• Cons: Generally, recycling industrial waste is viewed as a process improvement rather than a major environmental win. Achieving a process that utilizes a high percentage of post consumer waste will be the ultimate goal.

My understanding has been that these types of recycled fabrics (especially recycled PET from plastic bottles) can't compare comfort-wise to cotton and other fabrics typically used for clothing. I thought they were too rough, and that's why they are often used by active-wear companies like REI for things like fleeces and raincoats. I'm going to keep an eye out and see if I find any of the three types of fabrics mentioned above in fashion clothing (like shirts and dresses). It would be interesting to see if they can really compete with cotton, wool and polyester. 

Looks like REI has an "ecoSensitive label" where they use some of these materials, so I can add it to the list of places I can shop. (However, I don't usually need a whole lot of outdoor apparel!)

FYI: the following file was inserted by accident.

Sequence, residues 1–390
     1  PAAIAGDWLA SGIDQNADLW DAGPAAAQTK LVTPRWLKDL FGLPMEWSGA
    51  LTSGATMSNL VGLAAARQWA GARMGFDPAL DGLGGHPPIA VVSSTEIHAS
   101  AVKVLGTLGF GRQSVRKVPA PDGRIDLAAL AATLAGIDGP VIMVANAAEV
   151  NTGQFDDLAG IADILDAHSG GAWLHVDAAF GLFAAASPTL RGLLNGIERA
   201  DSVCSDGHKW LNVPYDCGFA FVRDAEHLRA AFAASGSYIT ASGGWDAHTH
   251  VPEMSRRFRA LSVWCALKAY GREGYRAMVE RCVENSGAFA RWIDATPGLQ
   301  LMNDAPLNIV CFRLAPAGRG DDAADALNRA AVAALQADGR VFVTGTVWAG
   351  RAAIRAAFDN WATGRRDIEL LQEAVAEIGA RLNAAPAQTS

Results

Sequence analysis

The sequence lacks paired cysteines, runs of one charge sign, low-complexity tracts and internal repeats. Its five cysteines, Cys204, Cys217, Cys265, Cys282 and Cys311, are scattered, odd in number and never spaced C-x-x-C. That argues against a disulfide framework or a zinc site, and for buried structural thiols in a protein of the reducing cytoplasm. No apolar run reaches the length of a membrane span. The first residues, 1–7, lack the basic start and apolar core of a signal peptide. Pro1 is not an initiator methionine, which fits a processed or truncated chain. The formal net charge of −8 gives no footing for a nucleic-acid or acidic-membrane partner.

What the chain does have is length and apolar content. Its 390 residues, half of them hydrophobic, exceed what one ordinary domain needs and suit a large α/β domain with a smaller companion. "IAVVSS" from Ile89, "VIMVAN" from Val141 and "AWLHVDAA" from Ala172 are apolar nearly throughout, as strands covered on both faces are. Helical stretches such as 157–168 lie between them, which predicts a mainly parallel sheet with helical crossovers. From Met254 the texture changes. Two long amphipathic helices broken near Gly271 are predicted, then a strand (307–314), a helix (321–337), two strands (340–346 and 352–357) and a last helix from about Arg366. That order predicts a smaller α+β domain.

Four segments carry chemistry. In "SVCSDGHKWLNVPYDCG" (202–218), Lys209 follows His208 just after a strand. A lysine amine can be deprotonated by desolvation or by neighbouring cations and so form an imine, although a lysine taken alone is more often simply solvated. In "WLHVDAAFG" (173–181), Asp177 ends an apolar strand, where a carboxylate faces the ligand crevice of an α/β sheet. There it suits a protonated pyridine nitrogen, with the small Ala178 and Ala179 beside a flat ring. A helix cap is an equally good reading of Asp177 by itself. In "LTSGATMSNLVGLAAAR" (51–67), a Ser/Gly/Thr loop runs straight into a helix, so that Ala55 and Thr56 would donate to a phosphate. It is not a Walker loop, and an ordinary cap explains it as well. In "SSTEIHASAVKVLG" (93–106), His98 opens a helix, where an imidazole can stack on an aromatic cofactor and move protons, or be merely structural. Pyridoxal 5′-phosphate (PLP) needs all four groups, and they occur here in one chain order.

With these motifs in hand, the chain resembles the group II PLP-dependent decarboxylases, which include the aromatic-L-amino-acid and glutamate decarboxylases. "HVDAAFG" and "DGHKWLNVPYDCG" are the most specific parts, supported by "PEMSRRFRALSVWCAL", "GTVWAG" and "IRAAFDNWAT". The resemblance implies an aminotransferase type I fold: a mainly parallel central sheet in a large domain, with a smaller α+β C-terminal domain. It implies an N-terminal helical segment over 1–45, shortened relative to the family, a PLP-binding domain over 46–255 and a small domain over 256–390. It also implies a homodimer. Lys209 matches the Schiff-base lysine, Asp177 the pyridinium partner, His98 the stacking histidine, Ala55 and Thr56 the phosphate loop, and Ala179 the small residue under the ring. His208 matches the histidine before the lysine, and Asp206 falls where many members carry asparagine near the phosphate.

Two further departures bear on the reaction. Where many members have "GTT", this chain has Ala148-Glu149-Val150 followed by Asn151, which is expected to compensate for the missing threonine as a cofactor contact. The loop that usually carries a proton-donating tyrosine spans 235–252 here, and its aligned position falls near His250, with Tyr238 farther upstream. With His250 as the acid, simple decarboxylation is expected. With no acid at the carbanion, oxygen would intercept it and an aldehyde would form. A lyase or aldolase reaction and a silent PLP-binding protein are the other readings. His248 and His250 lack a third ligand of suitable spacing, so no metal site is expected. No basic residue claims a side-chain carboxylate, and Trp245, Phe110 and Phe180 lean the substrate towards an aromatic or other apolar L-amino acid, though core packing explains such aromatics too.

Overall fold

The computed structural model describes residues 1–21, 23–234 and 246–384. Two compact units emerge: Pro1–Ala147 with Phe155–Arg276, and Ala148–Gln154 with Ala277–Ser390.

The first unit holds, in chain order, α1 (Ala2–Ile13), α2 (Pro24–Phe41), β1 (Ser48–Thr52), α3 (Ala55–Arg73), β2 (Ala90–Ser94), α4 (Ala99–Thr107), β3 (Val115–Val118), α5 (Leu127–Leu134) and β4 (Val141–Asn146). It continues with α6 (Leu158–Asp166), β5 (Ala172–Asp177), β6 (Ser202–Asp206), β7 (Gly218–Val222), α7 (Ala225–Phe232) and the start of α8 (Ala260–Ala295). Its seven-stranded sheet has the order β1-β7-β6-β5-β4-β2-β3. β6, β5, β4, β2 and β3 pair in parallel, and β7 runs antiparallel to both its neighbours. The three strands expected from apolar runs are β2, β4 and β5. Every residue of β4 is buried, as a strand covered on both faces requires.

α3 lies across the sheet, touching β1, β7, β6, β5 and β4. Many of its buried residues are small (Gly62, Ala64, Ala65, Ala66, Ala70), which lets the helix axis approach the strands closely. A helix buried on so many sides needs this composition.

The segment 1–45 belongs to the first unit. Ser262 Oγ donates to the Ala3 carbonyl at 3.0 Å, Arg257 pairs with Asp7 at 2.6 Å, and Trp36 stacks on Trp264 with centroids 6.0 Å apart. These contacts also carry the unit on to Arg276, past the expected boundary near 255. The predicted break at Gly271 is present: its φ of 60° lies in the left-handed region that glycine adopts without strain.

Monday, March 7, 2011

Textiles = hazardous waste?

I found an interesting article online from the Environmental Health Perspecitves Journal, and I thought I'd share a few key points here. You can find the whole article here: Waste Couture: Environmental Impact of the Clothing Industry

fast fashion leaves a pollution footprint, with each step of the clothing life cycle generating potential environmental and occupational hazards. For example, polyester, the most widely used manufactured fiber, is made from petroleum... The manufacture of polyester and other synthetic fabrics is an energy-intensive process requiring large amounts of crude oil and releasing emissions including volatile organic compounds, particulate matter, and acid gases such as hydrogen chloride... The EPA, under the Resource Conservation and Recovery Act, considers many textile manufacturing facilities to be hazardous waste generators.

I discussed eco-fashion a little with my friend the other night who is a professor of business. His argument was that as long as the clothing is bio-degradable, it shouldn't matter if it's fast-fashion and if we consume a lot of it. As long as it doesn't leave a big impact after it's been used. I haven't found data yet on how long it takes clothing to deteriorate in landfills (OK I haven't exactly looked for it yet), but  this EHP article made an interesting point about where clothing goes after we donate it to charities: